In California, Four Redevelopment Projects are Bringing Affordable Housing, Support for Homeless, and New Life to Derelict Sites
May 21, 2021
In Los Angeles, California, KTGY has announced groundbreakings for a series of pioneering modular redevelopment projects with the potential to transform housing for the chronically homeless.
Working with the designer/builder team Hope Street Development Group – which also includes HBG Construction Corp, and Aedis Real Estate Group – KTGY assists in alleviating Los Angeles’ homeless crisis using advanced, highly replicable modular design.
The system leverages the dimensions and material of shipping containers for efficient transporting and construction. The set of three buildings, with more to come, may be the largest modular housing series in Los Angeles.
Hope Street Development Group recently opened the 84-unit Hope on Alvarado in Los Angeles’ Westlake neighborhood (166 South Alvarado Street).
With wrap-around supportive services for homeless individuals, the development places multiple steel sections together, with interiors pre-installed. ULI Los Angeles recently offered a case-study walk-through of Hope on Alvarado, with the team demonstrating its efficiencies. Formerly homeless individuals are now living in the attractive apartments.
Two more Hope Street redevelopments have broken ground:
Hope on Hyde Park – at 6501 Crenshaw Boulevard, at the intersection with Hyde Park and near the Crenshaw Line light rail – also uses steel modules to create modern and affordable supportive housing. The five-story, 96-unit Hope on Hyde Park offers studios and one-bedroom apartments on a 0.49-acre site.
A central courtyard brings privacy, safety and a deepened sense of community. Floor-to-ceiling glazing along the amenity space engages the community and brings movement to the street. Parking spaces are available for social-services staff, while each resident has a bike-storage space.
This building will help reinforce a pedestrian-friendly character along the Crenshaw corridor while creating a quiet home for those who have previously experienced homelessness. Hope on Hyde Park is scheduled to open Q2 2022.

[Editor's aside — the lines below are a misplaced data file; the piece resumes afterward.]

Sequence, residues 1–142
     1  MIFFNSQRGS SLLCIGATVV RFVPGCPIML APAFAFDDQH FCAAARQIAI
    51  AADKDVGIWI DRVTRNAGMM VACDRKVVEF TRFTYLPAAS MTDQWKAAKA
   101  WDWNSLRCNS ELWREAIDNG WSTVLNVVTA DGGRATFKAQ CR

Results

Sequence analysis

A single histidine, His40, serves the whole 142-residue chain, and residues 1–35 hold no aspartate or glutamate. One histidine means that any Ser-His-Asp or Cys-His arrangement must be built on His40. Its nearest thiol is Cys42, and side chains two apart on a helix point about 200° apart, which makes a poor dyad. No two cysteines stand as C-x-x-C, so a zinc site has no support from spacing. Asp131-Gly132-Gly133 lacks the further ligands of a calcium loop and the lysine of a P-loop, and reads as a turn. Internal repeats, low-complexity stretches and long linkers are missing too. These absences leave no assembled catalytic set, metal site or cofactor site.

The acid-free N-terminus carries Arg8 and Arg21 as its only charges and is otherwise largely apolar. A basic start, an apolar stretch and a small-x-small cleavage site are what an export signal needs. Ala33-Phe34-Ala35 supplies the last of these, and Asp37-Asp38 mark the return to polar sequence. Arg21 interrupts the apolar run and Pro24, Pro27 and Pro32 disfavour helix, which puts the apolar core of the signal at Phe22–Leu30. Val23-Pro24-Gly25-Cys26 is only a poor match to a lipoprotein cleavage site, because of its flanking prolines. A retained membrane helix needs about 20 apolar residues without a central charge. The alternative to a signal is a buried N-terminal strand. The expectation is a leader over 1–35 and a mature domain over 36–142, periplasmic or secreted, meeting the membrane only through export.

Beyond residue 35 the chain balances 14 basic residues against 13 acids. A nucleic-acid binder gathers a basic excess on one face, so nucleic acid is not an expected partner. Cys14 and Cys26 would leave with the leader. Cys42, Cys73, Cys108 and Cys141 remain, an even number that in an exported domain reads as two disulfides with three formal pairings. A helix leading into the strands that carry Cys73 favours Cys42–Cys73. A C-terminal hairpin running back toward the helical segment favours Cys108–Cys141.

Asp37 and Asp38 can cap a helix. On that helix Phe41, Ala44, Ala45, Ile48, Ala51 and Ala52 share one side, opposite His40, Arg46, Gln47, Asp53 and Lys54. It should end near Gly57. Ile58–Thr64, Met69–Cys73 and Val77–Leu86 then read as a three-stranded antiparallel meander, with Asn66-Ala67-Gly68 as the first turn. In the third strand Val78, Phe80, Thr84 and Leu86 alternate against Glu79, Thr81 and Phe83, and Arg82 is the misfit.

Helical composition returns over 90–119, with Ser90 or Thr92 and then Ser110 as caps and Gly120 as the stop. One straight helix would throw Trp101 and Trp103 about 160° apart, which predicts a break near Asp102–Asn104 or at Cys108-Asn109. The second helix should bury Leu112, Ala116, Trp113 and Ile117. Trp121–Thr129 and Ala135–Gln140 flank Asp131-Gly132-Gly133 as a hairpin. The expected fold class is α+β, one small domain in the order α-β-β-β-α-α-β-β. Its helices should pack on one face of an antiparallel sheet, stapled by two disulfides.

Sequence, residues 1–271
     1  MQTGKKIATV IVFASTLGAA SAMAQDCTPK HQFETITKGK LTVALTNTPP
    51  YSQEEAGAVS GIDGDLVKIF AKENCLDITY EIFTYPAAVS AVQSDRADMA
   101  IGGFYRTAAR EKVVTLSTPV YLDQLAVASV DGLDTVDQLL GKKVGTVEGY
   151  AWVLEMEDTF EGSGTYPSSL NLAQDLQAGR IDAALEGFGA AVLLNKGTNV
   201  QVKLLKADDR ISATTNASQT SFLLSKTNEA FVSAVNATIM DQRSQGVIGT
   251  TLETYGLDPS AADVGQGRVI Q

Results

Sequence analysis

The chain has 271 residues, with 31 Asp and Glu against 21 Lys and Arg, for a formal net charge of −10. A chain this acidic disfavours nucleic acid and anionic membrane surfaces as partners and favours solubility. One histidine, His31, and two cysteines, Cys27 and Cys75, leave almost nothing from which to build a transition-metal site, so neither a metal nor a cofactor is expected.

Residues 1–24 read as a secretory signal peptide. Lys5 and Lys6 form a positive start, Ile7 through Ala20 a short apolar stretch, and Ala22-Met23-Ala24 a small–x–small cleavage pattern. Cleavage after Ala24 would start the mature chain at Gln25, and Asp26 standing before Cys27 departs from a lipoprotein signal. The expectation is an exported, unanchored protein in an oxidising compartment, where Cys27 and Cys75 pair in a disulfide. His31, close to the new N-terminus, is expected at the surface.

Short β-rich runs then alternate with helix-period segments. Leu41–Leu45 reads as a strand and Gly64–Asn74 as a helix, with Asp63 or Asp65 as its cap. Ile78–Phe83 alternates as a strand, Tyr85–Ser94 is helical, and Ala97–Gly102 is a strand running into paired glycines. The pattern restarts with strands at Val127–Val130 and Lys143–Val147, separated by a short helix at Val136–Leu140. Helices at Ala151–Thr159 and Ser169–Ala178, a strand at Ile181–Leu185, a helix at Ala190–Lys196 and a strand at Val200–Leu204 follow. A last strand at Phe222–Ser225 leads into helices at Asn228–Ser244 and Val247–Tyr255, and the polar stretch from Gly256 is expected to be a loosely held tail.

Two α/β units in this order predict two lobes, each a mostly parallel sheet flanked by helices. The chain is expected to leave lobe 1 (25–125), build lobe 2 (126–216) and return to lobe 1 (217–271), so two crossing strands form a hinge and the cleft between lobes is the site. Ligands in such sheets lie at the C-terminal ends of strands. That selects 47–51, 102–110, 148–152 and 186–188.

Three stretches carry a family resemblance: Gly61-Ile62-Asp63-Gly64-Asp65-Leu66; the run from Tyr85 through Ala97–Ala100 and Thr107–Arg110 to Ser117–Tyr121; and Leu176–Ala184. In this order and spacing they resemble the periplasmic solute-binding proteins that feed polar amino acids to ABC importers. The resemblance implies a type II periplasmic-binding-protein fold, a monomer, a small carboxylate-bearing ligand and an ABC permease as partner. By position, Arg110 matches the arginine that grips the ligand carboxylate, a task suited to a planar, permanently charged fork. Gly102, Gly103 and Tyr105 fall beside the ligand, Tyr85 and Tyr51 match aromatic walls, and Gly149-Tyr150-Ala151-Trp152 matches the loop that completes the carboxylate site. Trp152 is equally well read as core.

Hope on Broadway – at 52nd and South Broadway in South Los Angeles – will offer 49 residential units on a quarter-acre lot in a transit-oriented community (TOC). As with the other Hope Street Developments, the ground-floor podium will house supporting services, and resident amenities include an interior courtyard and roof deck.
The monochrome color palette emphasizes the structural texture of the construction material. Additional texture comes from a perforated steel entry canopy and sun shading.
Large expanses of glass allow sunlight into the residential units, expanding the spaces and providing visual connectivity to the city. Expected completion is Q2 2022.
A fourth Hope Street Development, Hope on Avalon in Los Angeles County, across from Magic Johnson Park, is now in development.
Both Hope on Broadway and Hope on Hyde Park have received City of Los Angeles Measure HHH funding, created to build approximately 10,000 units of supportive housing.
All four of the projects are bringing new life to derelict sites.
All of the sites had vacant buildings of no architectural or historic value, making their regeneration into affordable housing a truly revitalizing transformation:
- Hope on Alvarado had a vacant former doctor’s office;
- Hope on Broadway was the site of a former funeral home;
- Hope on Hyde Park was blighted with a dead church; and
- Hope on Avalon’s site had a former tire shop and auto mechanic.
Modular Means Replicable
“With this series of apartment buildings, Hope Street Development team continues to refine its unique technology with the potential to transform modular housing,” said KTGY Associate Principal Mark Oberholzer AIA, LEED AP.
“Site work and foundations are done on site, while the modules – including customized interior finishes and fittings – are manufactured off-site and craned into place. As the housing crisis continues, these projects are efficiently delivering new residences and services to people very much in need,” he added.
1. Modules are transported by truck to the site, crane-lifted and stacked into a single building.
2. Each apartment is composed of several modules, modified specifically for the project.
3. Floor-to-ceiling windows are completed off-site, as are interior fixtures and finishes such as drywall, tiling, bathrooms.
The design is centered on a central courtyard, providing privacy and encouraging safety and a sense of community. Floor-to-ceiling glazing distinguishes the support-services office space on the street-level. The developments employ LEED standards.